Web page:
Reproduction, Fertility and Development Reproduction, Fertility and Development Society
Vertebrate reproductive science and technology
RESEARCH ARTICLE

14 Composition of Semen Extenders and Varying Seminal Plasma Concentrations Affects Formation of Neutrophil Extracellular Traps in the Bovine System

T. Fichtner A B , F. Kotarski A , L. Silva B , C. Hermosilla B , A. Taubert B and C. Wrenzycki A
+ Author Affiliations
- Author Affiliations

A Clinic for Veterinary Obstetrics, Gynecology and Andrology, Chair for Molecular Reproductive Medicine, Justus-Liebig-University Giessen, Giessen, Germany;

B Institute for Parasitology, Justus-Liebig-University Giessen, Giessen, Germany

Reproduction, Fertility and Development 30(1) 146-147 https://doi.org/10.1071/RDv30n1Ab14
Published: 4 December 2017

Abstract

Neutrophils are recruited into the female reproductive tract following insemination to eliminate excess spermatozoa and bacteria introduced by the breeding process. In natural breeding, bovine semen is deposited in the vagina and sperm migrate into the uterus, leaving the bulk of seminal plasma (SP) behind. Current artificial insemination protocols introduce variable amounts of SP and semen extender into the uterus. Beside phagozytosis and secretion of immune modulators, polymorphonuclear neutrophils (PMN) are able to form neutrophil extracellular traps (NETs) extruding their DNA into the extracellular environment and ensnare pathogens including sperm cells. Recently, a time-dependent increase in bovine NETs formation has been reported. In the absence of SP and extender only a low degree of NETs formation by the sperm cells alone was detected (Fichtner et al. 2017 Reprod. Domest. Anim. 52(S1), 16). The aim of the present study was to investigate the effect of different semen extenders with various supplements or varying SP concentrations on NETs formation. Bovine PMN were isolated via Ficoll gradient centrifugation from peripheral blood. Semen extenders, purchased from 2 companies, were supplemented either with no animal protein or fresh egg yolk or “egg yolk-like substances” (gamma-irradiated sterile egg yolk or phospholipids as liposomes). The SP collected from ejaculates of eight 5-year-old bulls was added to the incubation medium in concentrations of 1, 3, 5, 10, 15, and 20%. For NETs induction, PMN and semen extenders or SP concentrations were co-cultured for 60 min; PMN and incubation medium alone served as negative controls. After incubation, the samples were treated with micrococcal nuclease and stained with PicoGreen. Quantification was performed by spectrofluorometric analyses using an automated plate monochrome reader (Varioscan Flash; Thermo Scientific, Waltham, MA, USA). Relative fluorescence intensities (FI in arbitrary units, AU) were calculated by subtracting the values of the negative controls from the ones obtained from the different samples. For statistical analyses, a one-way ANOVA followed by Tukey’s HSD test was used. Experiments were repeated at least 9 times. No significant differences in the relative FI were detected between the 2 animal protein-free extenders. A significantly higher FI was observed in one of the extenders supplemented with egg yolk compared with the other. The same held true for one extender completed with an egg yolk-like substance. Relative FI significantly increased from 1 to 5% SP, stayed constant up to 10%, followed by a slight decrease up to a concentration of 20%. These data indicate that formation of NETs in vitro depends on the composition of the extender itself and the protein source used by different companies. Furthermore, formation of NETs is also dependent on the dose of SP. From these results, it could be speculated that semen extenders plus additives and SP may affect fertility.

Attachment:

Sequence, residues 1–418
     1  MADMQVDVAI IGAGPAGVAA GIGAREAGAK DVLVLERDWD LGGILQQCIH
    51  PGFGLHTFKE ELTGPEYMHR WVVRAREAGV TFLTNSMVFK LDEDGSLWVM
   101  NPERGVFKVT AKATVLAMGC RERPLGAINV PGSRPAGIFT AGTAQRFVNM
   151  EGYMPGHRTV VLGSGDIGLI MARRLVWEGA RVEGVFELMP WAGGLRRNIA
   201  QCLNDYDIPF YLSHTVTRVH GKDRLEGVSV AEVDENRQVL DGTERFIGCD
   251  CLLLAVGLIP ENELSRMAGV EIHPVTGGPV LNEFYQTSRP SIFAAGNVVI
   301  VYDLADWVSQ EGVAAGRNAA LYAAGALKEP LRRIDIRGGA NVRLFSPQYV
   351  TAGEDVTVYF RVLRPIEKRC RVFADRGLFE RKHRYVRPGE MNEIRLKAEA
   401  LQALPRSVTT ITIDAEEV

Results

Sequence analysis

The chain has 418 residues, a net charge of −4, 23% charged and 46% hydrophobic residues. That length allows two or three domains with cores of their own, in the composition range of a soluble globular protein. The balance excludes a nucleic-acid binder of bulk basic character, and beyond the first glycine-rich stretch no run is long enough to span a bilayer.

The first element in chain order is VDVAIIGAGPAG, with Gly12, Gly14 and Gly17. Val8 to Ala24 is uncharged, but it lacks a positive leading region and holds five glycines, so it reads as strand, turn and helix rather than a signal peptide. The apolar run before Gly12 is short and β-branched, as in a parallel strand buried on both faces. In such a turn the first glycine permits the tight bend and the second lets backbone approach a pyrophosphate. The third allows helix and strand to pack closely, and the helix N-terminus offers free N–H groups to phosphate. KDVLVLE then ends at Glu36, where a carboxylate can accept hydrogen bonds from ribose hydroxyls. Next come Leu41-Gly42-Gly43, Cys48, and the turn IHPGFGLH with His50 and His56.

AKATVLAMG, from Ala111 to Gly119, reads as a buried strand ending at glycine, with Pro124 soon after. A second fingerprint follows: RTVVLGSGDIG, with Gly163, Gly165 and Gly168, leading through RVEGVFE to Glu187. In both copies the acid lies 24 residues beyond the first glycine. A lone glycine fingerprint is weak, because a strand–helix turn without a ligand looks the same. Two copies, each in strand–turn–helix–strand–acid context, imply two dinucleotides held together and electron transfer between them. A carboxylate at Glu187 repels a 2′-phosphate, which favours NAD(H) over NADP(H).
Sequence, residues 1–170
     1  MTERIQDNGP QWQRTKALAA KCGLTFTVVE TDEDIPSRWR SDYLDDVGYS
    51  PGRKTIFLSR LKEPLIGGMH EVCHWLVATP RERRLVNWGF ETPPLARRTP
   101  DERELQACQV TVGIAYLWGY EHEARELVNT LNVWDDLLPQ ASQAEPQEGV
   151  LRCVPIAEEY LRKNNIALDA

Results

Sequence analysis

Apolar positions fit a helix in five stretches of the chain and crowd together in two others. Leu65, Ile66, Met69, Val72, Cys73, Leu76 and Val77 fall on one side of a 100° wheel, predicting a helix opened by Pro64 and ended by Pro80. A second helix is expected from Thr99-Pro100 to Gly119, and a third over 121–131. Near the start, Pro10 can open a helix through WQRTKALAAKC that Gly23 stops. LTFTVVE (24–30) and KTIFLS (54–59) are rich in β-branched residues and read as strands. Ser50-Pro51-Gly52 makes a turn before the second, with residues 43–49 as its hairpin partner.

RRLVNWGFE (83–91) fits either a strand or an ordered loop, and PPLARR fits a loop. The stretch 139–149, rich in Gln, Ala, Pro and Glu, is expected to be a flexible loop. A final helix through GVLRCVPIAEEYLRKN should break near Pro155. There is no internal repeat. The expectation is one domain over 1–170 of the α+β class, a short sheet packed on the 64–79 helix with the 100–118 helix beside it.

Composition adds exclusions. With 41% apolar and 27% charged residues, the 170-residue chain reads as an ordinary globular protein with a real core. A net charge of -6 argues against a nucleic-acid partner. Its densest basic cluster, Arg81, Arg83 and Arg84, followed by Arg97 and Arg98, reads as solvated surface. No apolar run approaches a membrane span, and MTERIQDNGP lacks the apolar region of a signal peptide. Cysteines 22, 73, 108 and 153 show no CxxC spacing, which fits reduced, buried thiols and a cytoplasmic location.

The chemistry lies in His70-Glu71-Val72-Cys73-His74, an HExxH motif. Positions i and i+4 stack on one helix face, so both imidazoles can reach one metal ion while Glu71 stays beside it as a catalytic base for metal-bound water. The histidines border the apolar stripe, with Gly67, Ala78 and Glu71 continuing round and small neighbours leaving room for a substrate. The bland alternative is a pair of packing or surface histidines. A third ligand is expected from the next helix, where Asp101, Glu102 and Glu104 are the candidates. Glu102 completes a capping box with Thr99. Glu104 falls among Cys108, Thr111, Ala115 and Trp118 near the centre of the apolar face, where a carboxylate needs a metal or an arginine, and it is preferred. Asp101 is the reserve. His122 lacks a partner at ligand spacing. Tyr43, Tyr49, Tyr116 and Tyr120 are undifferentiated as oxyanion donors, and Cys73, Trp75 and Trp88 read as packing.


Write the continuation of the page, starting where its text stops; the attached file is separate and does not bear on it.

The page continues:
The financial support of the Förderverein Bioökonomieforschung e.V. (FBF) is gratefully acknowledged.


Full Text Export Citation